The Pharaoh laughed. “Kaiba is the reincarnation of my High Priest, and the Tomb Robber is leaning against the wall.” He nodded at Ryou. “I have fought enemies armed with the Millennium Items from my past and I am wearing the vessel that I supposedly sealed my soul with.” His fingers brushed the Puzzle. He chuckled again. “I fail to see what stronger associations I can have.”

“Your name,” Artemis said.

The Pharaoh sighed. “I have been seeking my true name for years, ever since I awoke in this body. It has been erased.”

Artemis considered this. “Then perhaps something else? Perhaps if your own magic was restored?”

The Pharaoh spread his hands. “I am open for suggestions.”

There was yet another silence. This one was broken when Mulch commented, “Too bad you just can’t do some ritual or something and POOF!” He illustrated this with his cuffed hands.

Root and Holly looked at each other. It was clear they had both had the same thought. “The Ritual,” they breathed.

“The what?” Mokuba said.

Holly looked excited. “The Ritual is what fairies do to recharge their magic. I’ve heard of fairies who thought they’d lost their powers and had them restored by the Ritual. Perhaps it won’t have the same effect on humans…”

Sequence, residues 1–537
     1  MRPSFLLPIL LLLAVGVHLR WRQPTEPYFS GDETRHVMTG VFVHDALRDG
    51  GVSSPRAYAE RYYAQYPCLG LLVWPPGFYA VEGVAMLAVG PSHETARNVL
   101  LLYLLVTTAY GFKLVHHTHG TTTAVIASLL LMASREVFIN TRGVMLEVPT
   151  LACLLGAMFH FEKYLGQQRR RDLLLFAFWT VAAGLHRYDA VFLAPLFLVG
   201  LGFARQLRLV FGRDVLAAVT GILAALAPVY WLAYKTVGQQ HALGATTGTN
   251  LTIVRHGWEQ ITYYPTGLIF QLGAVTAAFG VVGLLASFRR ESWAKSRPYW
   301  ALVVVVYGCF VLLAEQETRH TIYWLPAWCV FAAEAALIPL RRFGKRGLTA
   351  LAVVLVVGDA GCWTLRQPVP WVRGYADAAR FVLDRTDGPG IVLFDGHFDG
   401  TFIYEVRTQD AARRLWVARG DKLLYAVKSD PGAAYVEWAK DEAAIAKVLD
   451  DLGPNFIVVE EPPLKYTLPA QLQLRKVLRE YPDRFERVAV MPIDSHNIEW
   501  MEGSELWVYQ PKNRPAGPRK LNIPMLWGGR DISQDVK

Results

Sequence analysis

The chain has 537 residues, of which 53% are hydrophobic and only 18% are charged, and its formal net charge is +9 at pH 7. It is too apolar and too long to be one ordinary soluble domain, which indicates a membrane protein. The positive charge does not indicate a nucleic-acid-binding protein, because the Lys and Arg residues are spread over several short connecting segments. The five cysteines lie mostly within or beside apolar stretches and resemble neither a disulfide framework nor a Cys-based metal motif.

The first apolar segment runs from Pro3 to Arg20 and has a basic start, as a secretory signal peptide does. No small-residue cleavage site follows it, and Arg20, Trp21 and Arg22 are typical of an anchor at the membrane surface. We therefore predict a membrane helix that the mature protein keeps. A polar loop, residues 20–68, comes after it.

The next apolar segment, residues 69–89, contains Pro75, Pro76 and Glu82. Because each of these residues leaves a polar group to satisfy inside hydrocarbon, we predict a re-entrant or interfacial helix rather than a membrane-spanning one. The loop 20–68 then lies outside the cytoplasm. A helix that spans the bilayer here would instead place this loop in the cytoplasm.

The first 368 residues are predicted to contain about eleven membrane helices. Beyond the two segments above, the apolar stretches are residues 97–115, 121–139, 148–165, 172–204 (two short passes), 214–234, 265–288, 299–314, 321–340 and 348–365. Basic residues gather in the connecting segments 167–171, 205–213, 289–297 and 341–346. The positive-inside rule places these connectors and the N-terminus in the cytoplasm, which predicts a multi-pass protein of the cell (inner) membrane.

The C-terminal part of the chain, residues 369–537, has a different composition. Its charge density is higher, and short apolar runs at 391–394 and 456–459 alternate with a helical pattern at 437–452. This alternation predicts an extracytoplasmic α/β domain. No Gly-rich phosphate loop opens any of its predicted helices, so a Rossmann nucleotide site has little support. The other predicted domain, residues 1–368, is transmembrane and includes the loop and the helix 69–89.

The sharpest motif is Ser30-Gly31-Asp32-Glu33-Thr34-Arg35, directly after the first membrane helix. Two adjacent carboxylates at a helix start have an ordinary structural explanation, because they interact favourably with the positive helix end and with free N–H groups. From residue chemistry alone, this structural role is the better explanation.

“But if it does, you’d get your magic back,” Root said.

Kaiba snorted. “Having magic is not the problem,” he said. “Remembering how to use it is.”

“Conscious use of our magic is lost,” the Pharaoh corrected. He sounded excited too. “Perhaps the Ritual will have no effect, but it can’t hurt, can it?”

“Then let’s do it now!” Mokuba said.

“We have to go to Ireland,” Artemis said. “There are no oaks of sufficient age to perform the Ritual here.”

Mokuba cast him a sidelong glance. “Sometime I’ll have to ask you how you know that.”

“Fine,” Root said. “Uncuff the kid and let’s go.”

“Don’t bother,” Kaiba said, standing up and twirling the handcuffs around one finger. “I got them off half-an-hour ago.”

Artemis eyed him. “You certainly have some interesting talents, Mr. Kaiba.”

Butler cleared his throat. He had been watching the entire proceedings in silence up ‘til now, so his deep voice came as something of a surprise. “We are wasting time. We should go.”

“Fine,” Artemis and Kaiba said at the exact same time, “We’ll take my jet.”